AUS: Why we must cancel our subs order
The submarine is arguably the ultimate weapon of choice of the weaker power, but we are making a $90bn mistake.
Australia’s controversial Attack-class submarine program has been widely criticised. At $90bn in out-turned dollars, it is very expensive. With delivery scheduled between 2035 and 2050, the boats will be in service far too late. Australian industry content will be too low to maintain our sovereign submarine capability.
These criticisms are all valid and provide sufficient grounds to cancel the Attack program now.
As the Auditor-General has pointed out, at around $140m the cancellation cost would be modest at this stage, but it will grow significantly the longer we delay.
The fundamental problem with the Attack-class submarine, however, is that it will not be fit for purpose. It will be unable to deliver a sufficiently large or potent force to deter an adversary from taking military action against Australia. Its vulnerability to detection and counter-attack means it will lack both efficiency and effectiveness in its operations, while its survivability will be increasingly challenged.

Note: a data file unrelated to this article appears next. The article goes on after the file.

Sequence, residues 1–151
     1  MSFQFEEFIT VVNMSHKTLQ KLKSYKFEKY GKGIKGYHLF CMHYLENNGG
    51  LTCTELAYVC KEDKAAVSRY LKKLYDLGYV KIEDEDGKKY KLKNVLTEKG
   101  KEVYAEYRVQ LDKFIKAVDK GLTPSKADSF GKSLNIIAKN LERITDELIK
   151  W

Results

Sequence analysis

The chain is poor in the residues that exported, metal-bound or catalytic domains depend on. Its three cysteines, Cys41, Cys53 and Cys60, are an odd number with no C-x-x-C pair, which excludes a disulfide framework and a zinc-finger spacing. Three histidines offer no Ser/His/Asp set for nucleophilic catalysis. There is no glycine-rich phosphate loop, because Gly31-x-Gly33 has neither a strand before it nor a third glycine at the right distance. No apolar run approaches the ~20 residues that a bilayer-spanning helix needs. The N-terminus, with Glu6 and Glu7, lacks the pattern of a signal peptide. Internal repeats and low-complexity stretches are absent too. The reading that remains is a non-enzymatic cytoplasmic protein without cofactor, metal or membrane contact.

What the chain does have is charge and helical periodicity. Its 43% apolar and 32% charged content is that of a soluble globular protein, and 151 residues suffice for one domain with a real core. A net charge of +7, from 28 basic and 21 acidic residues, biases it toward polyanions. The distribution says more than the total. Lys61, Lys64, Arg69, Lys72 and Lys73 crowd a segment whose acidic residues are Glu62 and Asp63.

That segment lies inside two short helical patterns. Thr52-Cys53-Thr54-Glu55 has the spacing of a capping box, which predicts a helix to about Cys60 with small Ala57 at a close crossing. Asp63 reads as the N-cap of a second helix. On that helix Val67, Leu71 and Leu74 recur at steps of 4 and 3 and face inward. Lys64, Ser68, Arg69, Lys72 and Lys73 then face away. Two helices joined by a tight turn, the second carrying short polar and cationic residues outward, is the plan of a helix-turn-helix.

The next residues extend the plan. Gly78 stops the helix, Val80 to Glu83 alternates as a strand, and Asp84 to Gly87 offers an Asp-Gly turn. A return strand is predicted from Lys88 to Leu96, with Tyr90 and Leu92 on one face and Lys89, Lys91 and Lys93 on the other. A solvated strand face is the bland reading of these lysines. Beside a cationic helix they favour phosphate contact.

Modern conventional submarines are effective where they can maximise their advantage of stealth. For example, the mission objectives of the Japanese Soryu can be achieved with patrols about two weeks long and the submarine remaining dived throughout to minimise the chances of detection.
Australia’s diesel-electric submarines operate in a very different geography. They undertake operations of up to 70 days, with half of that time spent getting to and from their patrol area. As a senior naval engineer once noted, “Australia has the only navy in the world which flogs its diesel-electric submarines thousands of miles, across oceans, and then sends them on patrol”. It is not unusual for a Collins-class submarine to travel four or five times further each year than most other nations’ conventional submarines.
With these long transits and a limited number of submarines in our fleet, it is impossible for Australia to deploy a conventional submarine force of adequate size. Despite the submarines’ heavy armament, Australia’s contribution in its theatre of operations amounts to little more than a token force.